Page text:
March 24, 2006

No Kid Person

My job has been a drag lately: numerous deadlines, vendors with attitudes, and ugly looks from a kid who is a chief troublestarter at the place. That kid came up looking to take pictures with people for whatever reason today. I was trying not to pay attention to them. Boss took a picture, then the kid's handler asked them if they wanted to take pictures with anyone else. "There's no one else to take pictures with up here on this floor," the kid said. It looked as if the kid's handler was going to suggest me, but I walked past the both of them as I had to take some mail downstairs. I don't like being around most of the kids there, but I particularly don't want that problem child near me, ever.

I spoke with a person in one of our other offices, and she asked me how things were going. "Not well," I sighed. "I'm not a kid person." I touched on some run-ins I'd had with some of the kids without going into a whole lot of detail. "Boss gets annoyed when I complain about them," I continued. "I guess these kids weren't taught respect at home, and they may not be taught it here, either, but they have to learn that before they leave here." "I didn't know you weren't crazy about the little ones," the person I was talking to said in surprise. "Not really," I admitted. "That's why I never had any of my own." "You were a kid once," came the reply.

Normally, I would have said, "Yeah, but I grew out of it," but I let it go. I might have had to hear another "but children are wonderful" speech. Later in the day, I received an email from my niece's adoptive mom announcing that my niece suddenly decided that she is not going to college. Normally, I stay out of their battles, but I can't stand by and let my niece choose a dead end existence. I feel an obligation to my late sister's memory. It's hard. I don't always relate to kids well, and I have to really think about what I need to tell my niece and how to say it without causing further fireworks. This is another one of those times I'm glad I'm not a parent. However, as an aunt, sometimes I get pushed into being another adult authority figure to a kid.

3 comments:

Teri said...

Okay, here are the questions I would have for her if she were my niece:

What information did you use to make your decision? Or, how did you come to the conclusion that you don't want to go to college?

If you don't want to go to college, what is your plan?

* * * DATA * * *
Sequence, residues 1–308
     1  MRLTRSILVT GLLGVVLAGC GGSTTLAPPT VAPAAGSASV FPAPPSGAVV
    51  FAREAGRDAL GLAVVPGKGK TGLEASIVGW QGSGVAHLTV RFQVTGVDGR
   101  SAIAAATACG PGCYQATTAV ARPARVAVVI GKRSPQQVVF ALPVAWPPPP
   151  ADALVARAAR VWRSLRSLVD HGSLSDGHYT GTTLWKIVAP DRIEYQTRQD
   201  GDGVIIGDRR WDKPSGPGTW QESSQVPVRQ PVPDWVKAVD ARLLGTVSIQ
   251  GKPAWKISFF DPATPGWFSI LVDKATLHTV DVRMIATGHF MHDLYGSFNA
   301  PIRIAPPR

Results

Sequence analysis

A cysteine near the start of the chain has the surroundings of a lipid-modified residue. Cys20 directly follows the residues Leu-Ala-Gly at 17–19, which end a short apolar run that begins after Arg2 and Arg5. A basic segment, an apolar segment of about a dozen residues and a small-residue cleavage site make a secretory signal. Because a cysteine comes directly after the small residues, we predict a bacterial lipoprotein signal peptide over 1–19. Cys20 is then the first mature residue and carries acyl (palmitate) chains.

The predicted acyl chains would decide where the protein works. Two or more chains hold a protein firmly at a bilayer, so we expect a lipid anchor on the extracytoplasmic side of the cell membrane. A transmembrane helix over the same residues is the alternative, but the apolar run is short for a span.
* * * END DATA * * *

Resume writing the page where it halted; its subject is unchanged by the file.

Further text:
I would want to know if there is something else she is really interested in, or if she just doesn't know what she wants to study, undergrads rarely do.

I would also want to know if she needs help paying for college . Perhaps money is the obstacle and she thinks she can't afford it. She may not know about scholarships and grants.

Of course, you always have the option not to take this role, the "adult authority figure" as you put it, but you sound like you care or you wouldn't be airing it here.

BTW, is your resume in order? It sounds like some things need to change on the work front. I wonder if there is anything you could do in connecting or promoting women in boxing?

Thanks for posting.

Boxing Tomboy said...

My niece knows about grants and scholarships. She's been fighting her mother over filling out the necessary paperwork, etc. for months. I think her decision is based mostly on her being angry because she can't get her way. She's is spoiled, something I can't relate to because I wasn't raised that way. I also think some of her reaction is being scared about going to college, and she may not want to leave her boyfriend behind (I ain't that crazy about the boy, but that's another story). Bottom line is, her mother is tired of niece's attitude and backtalk.

I have long been tired of the nine-to-five life. I don't want another job at this point, I need to have my own business. I'm taking steps now to make that happen soon.

Teri said...

Yeah, mentally I am there too on the job front. Nothing can burn you out on the workplace more than a dead-end no-fun job.

I have resorted to temp work while we are here on temporary status, though legal residents (fully-taxed) in Canada. I'd rather focus on the PW project full-time and get a kick-_ _ _ job when we get back to the States...